I certainly appreciate hearing that others have experienced the same bug, it still doesn't detract from the fact that it is a bug. Windows users experience the blue screen of death on a fairly regular basis, and some may consider that normal behavior, but that doesn't mean it's not a bug - because it is.
I'd like to know how to at least find out what can be done to make Qt Designer and Qt Assistant fully functional on a Windows platform, because clearly the way the "Maintain Qt SDK" functions causes the packages to NOT be fully functional.
[quote author="pmjz" date="1318875676"]bq. MinGW is the default build on Windows. If there is no MinGW toolchain you most probably just didn’t install them. Open the SDK maintenance utility and make sure you’ve installed them.bq.
my friend, are you sure? [/quote]
Well, it looks like I was right, wasn't I?
Just fire up your Qt SDK maintenance utility and tick the Desktop Qt 4.7.4 - MSVC 2008 package. The compiler comes with an VisualStudio 2008 Express edition or the Windows SDK (don't ask me about the licensing restrictions).
[quote author="tomi127" date="1318540350"]@If somebody can't build MySQL you CAN'T use MySQL C++ Connector.[/quote]
What do you mean ? I use only "My SQL Connector/C++":http://www.mysql.com/downloads/connector/cpp/. It works with both VC and MinGW compilers.
[quote author="Volker" date="1318421919"]There is no universal Cocoa and Carbon in Qt world. You have either one or the other (depending on the command line switch you feed to the configure script during the build of Qt).
I guess I am misunderstanding the docs then, because in 'Developing Qt Applications for Mac OS X' page, the 'Which One Should I Use?' section says I can have 'a 64-bit Cocoa and 32-bit Carbon universal application'. If this is in fact not the case, I'll try reconfiguring my Qt with -carbon, and perhaps log a bug against the documentation.
That aside, I am still not convinced the missing symbol is anything to do with which architecture I am targeting, but more of an SDK issue, but searching Google isn't helping pin it down.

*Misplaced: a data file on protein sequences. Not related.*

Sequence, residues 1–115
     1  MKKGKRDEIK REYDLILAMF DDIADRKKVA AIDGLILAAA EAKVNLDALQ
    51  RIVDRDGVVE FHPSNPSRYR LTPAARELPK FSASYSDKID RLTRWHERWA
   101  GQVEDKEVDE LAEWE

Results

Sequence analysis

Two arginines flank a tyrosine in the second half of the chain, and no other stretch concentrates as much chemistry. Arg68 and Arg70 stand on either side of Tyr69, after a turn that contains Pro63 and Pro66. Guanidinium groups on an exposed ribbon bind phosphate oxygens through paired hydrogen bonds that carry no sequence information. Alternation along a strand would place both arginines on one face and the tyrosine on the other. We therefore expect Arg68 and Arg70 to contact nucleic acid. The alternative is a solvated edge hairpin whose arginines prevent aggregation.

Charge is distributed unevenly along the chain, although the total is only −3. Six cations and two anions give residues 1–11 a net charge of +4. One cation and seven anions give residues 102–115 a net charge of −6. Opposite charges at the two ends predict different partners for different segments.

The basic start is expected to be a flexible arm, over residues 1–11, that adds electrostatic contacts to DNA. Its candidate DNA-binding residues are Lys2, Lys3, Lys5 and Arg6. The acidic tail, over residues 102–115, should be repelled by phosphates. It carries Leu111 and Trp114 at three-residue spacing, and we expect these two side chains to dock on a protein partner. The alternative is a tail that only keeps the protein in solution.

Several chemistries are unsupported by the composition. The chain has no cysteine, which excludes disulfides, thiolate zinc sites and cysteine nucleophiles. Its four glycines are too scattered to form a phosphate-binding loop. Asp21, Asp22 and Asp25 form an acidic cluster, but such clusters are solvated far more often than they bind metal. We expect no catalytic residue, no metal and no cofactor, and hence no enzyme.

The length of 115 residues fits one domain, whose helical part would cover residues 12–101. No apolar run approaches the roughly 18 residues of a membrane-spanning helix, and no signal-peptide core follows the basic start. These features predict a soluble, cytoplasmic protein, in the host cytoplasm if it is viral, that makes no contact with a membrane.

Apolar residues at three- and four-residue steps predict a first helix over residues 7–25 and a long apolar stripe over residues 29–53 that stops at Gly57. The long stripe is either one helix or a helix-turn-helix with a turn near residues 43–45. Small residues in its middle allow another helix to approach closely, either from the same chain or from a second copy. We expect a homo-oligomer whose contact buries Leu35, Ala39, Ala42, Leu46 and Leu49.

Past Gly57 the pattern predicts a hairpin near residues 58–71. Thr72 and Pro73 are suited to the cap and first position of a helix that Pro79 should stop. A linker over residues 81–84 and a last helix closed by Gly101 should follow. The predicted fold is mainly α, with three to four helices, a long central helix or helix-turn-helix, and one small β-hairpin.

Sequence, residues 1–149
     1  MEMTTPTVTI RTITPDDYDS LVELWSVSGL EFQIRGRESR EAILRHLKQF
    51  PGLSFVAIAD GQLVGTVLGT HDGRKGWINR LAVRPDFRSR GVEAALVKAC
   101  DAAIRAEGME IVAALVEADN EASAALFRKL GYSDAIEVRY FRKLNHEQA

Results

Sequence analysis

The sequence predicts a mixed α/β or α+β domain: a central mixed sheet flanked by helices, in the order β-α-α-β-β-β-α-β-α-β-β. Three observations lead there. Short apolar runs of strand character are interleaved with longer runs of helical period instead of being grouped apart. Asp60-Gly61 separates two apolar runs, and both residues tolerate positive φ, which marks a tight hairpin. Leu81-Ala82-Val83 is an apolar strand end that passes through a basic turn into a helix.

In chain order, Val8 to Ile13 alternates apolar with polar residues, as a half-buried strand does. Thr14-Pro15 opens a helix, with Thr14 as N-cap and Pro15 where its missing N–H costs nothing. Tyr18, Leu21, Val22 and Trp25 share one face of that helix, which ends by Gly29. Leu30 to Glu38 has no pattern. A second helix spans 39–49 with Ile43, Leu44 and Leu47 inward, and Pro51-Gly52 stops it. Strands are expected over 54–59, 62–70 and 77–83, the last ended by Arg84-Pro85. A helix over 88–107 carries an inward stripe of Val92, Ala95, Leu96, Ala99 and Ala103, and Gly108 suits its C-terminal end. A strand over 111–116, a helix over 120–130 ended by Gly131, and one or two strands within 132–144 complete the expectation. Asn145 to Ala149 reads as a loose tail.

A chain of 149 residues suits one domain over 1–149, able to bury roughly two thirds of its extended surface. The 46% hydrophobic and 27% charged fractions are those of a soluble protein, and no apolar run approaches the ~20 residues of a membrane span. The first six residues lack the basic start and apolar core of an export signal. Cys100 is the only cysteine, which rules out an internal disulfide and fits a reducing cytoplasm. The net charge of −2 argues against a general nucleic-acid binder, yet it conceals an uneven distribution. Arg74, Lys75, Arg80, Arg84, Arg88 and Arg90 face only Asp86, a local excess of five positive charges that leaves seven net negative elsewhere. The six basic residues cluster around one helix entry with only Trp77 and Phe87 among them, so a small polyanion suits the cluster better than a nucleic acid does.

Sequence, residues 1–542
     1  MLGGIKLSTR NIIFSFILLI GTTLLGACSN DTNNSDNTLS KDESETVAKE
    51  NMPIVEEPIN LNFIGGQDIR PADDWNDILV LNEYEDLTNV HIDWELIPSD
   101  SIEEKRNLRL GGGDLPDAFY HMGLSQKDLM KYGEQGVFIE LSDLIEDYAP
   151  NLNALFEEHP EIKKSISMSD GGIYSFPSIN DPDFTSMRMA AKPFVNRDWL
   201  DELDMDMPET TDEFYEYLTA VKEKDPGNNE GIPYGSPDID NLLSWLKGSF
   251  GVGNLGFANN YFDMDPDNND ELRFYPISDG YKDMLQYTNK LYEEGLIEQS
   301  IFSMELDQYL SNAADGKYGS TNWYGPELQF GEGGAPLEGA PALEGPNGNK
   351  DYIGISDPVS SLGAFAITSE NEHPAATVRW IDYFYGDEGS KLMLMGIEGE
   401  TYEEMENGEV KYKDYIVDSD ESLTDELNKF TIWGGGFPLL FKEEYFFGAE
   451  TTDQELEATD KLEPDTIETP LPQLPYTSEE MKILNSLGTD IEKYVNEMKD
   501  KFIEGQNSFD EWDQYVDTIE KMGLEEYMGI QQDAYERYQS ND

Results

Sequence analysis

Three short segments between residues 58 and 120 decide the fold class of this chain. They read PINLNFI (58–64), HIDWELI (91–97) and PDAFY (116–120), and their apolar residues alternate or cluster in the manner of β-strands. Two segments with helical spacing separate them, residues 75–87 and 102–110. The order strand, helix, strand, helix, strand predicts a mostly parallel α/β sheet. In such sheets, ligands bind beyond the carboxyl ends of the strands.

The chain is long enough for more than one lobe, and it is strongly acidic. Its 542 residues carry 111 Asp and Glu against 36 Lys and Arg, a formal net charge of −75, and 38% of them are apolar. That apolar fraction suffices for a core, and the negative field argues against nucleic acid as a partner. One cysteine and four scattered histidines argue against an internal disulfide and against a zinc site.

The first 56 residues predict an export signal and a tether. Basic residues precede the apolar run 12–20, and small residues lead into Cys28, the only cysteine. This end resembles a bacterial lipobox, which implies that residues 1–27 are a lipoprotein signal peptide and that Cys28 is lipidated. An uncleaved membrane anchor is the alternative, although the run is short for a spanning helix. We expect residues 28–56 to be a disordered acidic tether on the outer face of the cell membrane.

I'll probably report back with success or failure once Qt has rebuilt, which will be a while on my Mac Mini.
This has been discussed so many times before, here. Please refer to the following older threads on the very same topic:
Tag search: http://developer.qt.nokia.com/search/tag/installer
Thank's for the compliment, but I learned the hard way, having had the exact same problem some years ago. It took me a day or two to find out a decent solution. So it's only fair to share my experiences to save you from the manifest fiasco - the successor of the DLL hell :)
Thanks fot the tip. Still not resolved though. My imports folder (imports/Qt/labs) now has both components and components.1.1 in it.
From my QML I manage to run with:
@import Qt.labs.components.native 1.0@
Now the question is how can I reference 1.1? And also, do I need to? Is this a newer version of the existing components?
I can't compile
@import Qt.labs.components.1.1 1.1@
or other variations I tried.
OK, sth is wrong indeed. in a hello directory consisting of hello.cpp and hello.pro i go with
@qmake -spec macx-g++@ and the little gui (hello.app) builds fine, whereas with
@qmake -spec macx-xcode@ i get a hello.pbproj and the related plist without any Xcode directory.
i 'll build qt from scratch, thanks
It is not recommended to build Qt manually from the sources provided by the SDK. As a first step you must download the vanilla sources from "Qt download site":http://qt.nokia.com/downloads/downloads#qt-lib, then follow the steps described in the wiki.
4 MB for a statically linked hello world executable, which includes Qt lib stuff and C++ stdlib stuff, is not huge!
Leaving out some features in a static build does not reduce the size of the final executable in a noticeable way. By linking statically against the Qt libs, you will pull in only the object code that is needed to run your app.
No. On another machine you need to have the Qt 4 libs available, either by providing it yourself or by using a preinstalled version of the system.
For a .deb or a .rpm, you usually will not pack the Qt libs into the installer but set a dependency, so that another package will be installed automatically ifs contents are missing.
[quote author="Peppy" date="1317243089"]so? No idea?[/quote]
Please stop bumping topics in that short time. We do not sit before the screen and wait for updates to answer on.
From my experience, the VS redistributable exe (vcredist_x86.exe) can be executed many times without problems (at least up to VS2005, I will try with VS2008 soon). If you put it into an installer (like InnoSetup), you can start a silent installation with this call:
vcredist_x86.exe /q:a /c:"msiexec /i vcredist.msi /qn /l*v %TEMP%\vcredist_x86.log"
(again, tested with the VS2005 version)